In 1980, a new rock band formed in Toronto, Canada, calling itself Breeding Ground. The original lineup consisted of lead singer John Shirreff, guitarists Chris Wardman and Hugh Gladish, bassist Jonathan Strayer, and drummer Ken Jones. Strayer and Jones were later replaced by bassist Gary Quinn and drummer Kevin Hunter. After a couple of years of playing gigs at clubs, the group landed a deal with the Mannequin Records label and released a self-titled EP. Over the next few years the band recorded a number of singles, a second EP, a couple of music videos, and even a full-length album. By the time the '80s had lived out its last hooray, so had Breeding Ground.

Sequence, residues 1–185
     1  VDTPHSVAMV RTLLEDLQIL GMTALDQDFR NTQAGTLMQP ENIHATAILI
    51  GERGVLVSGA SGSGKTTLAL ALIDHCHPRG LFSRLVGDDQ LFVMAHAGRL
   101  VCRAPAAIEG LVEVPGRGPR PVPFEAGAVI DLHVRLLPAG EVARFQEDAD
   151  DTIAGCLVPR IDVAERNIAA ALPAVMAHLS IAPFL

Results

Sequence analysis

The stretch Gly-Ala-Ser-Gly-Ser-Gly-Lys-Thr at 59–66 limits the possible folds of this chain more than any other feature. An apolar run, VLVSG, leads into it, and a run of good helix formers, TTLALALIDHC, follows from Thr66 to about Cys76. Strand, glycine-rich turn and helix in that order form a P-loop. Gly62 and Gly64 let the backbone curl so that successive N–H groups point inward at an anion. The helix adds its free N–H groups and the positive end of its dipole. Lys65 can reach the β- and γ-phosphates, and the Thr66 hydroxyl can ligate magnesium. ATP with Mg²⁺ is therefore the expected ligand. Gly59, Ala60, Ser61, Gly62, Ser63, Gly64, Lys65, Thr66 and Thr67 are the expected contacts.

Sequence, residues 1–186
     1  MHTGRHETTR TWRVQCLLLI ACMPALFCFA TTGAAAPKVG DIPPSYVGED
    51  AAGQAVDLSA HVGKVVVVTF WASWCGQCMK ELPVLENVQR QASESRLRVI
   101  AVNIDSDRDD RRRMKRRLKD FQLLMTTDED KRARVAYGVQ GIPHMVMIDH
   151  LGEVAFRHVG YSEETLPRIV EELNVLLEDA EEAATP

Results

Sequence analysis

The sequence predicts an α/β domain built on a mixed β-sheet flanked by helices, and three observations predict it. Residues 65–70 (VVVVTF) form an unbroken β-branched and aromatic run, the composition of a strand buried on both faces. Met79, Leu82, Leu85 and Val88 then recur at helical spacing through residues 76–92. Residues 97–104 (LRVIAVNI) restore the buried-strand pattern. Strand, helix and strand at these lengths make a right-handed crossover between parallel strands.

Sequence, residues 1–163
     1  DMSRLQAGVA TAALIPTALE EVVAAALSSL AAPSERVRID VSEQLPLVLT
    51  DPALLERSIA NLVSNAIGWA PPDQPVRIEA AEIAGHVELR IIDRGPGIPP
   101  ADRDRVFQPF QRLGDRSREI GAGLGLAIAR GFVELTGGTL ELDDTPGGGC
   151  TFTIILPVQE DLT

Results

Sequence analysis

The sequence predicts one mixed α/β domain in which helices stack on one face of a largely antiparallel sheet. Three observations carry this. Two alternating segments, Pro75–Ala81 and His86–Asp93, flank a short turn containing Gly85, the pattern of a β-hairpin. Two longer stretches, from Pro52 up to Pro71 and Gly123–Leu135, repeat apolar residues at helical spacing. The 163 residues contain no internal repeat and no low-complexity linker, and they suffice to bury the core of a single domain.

After releasing that debut EP in 1982, Breeding Ground went independent the next year, and several singles followed, like "Slaughter," "Reunion," "Happy Now I Know," and "Ceremony of Love." Abundant airplay on college campuses earned the group great word of mouth reviews and plenty of exposure to young adults. Still, for all its growing popularity, the bandmembers were on shaky ground. There was a split up, but some of the guys managed to pull the tattered pieces back together for another try around 1986. Breeding Ground quickly released a sophomore EP, Tales of Adventure, and finally in 1989 completed an album titled Obscurity and Flair, both released under the Fringe Product label. When things fell apart again, there was no resurgence.